More than one million back injuries occur each year and contribute to one in every five workplace injuries, according to the Bureau of Labor Statistics. Training is crucial to help protect your employees from back injuries resulted from using an improper lifting technique.
Incorrect lifting techniques do not only affect the back — injuries can occur to an individual’s shoulders and neck areas as well. Lifting injuries can be mitigated through various forms of risk management including administrative and engineering controls. This safety talk will discuss administrative controls which include properly training individuals so they may safely perform lifting responsibilities.
Preparation and planning
Simply lifting the item you are looking to move is only a small portion of the task itself. It’s important to prepare your lift and have a plan in place for moving the item.
First, take a moment to understand the item you are planning to lift. It is important to consider the dimensions and weight ofthe item. Ask yourself: are you able to lift the item in a safe and comfortable manner? If the answer is no or you are not sure, ask for assistance from a coworker.
Know when an item exceeds the weight limit you can lift, or its dimensions prevent you from lifting the item alone. If an object is too large, it may also obstruct your vision. Equipment such as a dolly, forklift, or pushcart can also be utilized.
Do you have a clear path to your destination? Debris or clutter in your path can result in tripping or falling which could result in injury. If the path to your destination is long, it may be a good idea to consider using a dolly, pallet jack, or forklift. Try to avoid
moving heavy objects up and down stairs or elevated surfaces. Finally, consider the placement of your item. Lifting items above your head or away from your body will put additional strain on your shoulders and back. Consider using a forklift or asking a coworker for assistance if the item is above your reach.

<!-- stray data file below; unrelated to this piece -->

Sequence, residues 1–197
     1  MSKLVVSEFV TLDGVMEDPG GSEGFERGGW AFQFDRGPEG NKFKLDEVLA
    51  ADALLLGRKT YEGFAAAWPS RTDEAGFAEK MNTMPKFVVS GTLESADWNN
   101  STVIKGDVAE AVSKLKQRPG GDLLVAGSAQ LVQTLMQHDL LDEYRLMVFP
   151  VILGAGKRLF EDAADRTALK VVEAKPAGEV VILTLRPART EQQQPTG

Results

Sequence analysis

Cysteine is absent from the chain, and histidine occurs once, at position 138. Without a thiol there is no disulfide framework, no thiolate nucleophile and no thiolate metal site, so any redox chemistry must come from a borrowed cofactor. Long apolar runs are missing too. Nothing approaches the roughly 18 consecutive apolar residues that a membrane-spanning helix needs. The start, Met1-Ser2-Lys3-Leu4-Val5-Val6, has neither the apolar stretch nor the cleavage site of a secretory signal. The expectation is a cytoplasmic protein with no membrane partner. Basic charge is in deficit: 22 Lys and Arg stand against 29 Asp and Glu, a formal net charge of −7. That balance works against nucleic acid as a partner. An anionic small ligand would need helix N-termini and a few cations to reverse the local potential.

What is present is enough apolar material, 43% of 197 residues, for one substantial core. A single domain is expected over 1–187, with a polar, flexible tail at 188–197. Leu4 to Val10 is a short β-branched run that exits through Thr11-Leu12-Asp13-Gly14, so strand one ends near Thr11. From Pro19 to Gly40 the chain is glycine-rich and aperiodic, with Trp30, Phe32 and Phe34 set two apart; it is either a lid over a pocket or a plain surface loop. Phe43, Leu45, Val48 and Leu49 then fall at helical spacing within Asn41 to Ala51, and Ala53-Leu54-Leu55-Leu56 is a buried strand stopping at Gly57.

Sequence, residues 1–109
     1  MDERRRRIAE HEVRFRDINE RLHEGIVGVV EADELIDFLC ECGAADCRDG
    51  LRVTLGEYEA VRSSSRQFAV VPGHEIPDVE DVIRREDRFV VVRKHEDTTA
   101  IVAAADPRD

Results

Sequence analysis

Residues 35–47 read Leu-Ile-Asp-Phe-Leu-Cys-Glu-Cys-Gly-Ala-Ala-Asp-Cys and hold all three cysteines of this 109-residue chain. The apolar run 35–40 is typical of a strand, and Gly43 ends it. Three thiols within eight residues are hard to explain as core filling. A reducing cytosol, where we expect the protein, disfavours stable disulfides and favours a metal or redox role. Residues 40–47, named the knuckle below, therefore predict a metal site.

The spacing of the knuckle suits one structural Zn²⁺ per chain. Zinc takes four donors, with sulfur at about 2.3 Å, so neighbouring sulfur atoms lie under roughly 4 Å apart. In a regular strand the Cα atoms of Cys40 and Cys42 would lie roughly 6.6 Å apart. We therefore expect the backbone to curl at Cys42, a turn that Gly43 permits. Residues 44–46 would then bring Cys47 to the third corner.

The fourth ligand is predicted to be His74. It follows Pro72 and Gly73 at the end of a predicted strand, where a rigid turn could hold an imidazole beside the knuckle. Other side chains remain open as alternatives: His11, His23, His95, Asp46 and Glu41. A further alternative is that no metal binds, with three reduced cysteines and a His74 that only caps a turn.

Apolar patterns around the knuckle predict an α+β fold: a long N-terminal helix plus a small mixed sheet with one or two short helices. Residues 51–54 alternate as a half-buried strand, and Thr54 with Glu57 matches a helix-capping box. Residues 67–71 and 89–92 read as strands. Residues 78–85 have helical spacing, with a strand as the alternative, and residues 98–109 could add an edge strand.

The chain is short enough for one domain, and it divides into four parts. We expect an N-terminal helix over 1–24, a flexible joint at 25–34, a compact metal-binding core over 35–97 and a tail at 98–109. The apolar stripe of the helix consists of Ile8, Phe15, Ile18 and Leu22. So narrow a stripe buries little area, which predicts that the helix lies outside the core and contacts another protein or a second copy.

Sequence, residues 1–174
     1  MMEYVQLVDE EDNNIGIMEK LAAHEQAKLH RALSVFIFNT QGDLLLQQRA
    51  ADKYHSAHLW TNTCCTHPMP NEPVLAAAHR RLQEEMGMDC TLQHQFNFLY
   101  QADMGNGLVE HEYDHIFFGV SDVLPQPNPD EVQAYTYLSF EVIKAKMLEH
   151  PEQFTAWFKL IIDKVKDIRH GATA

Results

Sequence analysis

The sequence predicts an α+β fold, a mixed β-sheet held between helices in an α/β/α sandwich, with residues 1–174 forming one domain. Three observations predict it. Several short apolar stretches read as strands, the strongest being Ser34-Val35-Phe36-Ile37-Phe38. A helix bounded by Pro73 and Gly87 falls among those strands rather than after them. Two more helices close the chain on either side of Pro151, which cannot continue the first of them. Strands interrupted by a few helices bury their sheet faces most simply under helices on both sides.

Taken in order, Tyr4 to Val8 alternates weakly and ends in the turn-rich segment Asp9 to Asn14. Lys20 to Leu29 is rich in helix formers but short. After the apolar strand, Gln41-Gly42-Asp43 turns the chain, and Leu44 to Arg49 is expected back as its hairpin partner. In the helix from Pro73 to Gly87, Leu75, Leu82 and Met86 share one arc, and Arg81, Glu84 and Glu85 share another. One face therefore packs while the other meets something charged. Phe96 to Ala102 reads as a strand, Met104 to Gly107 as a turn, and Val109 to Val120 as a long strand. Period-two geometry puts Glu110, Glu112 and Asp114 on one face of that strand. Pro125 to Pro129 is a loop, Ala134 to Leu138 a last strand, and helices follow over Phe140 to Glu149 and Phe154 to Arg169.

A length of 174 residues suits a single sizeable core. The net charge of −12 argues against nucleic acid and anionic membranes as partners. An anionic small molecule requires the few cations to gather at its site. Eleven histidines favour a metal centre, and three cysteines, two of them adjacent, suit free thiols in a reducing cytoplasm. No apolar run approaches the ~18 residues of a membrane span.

Safe lifting techniques
After considering the weight, dimensions, and path of travel, it is now time to perform the lift. It is important to understand the lifting power zone. Your power zone is the area between your shoulders and knees that allows your arms and back to carry weight with the least amount of effort. The impact to your muscles and joints lessens when the load is secured against your torso. As you travel outside of your power zone you are more susceptible to injury and can safely move less weight.
When lifting the object
- Step up to the load with your feet shoulder-width apart
- To keep your balance, place one foot slightly in front of the other
- Slowly bend at your knees and hips to move towards the ground, performing a squat, as close to the load as possible
- Keep your hips square, push your shoulders slightly back and head upright. Look straight forward and grip the item
- Maintaining a strong grip on the object, begin moving upright while securing the load against your torso
- Continue lifting with your legs and core while keeping your back, shoulders, and head upright until standing
- Pivot with your feet to avoid twisting when moving an object
- Your hips should always be square with the load when in motion
Setting down objects requires just as much consideration as picking it up. When setting down an object or load, follow the same steps above but release the load at ground level or its destination.
Tips to consider
- Do not perform the lift by bending over the object
- Avoid twisting or turning your body while carrying the load
- Never lift a heavy item above your shoulders
- Never carry a load that may impair your vision
- Take small steps — change directions with your feet and allow your hips to follow
- When lifting or setting down a load place one knee on ground if necessary
- Keep the load secured to your power zone
- If a load is too heavy for you to comfortably lift, ask for assistance or use other means of lifting the object such as a forklift, dolly, or push cart
The information and recommendations contained in this material have been obtained from sources believed to be reliable. However, SECURA accepts no legal responsibility for the accuracy, sufficiency, or completeness of such information. Additional safety and health procedures may be required under particular circumstances. Please your SECURA Risk Management Consultant for more information.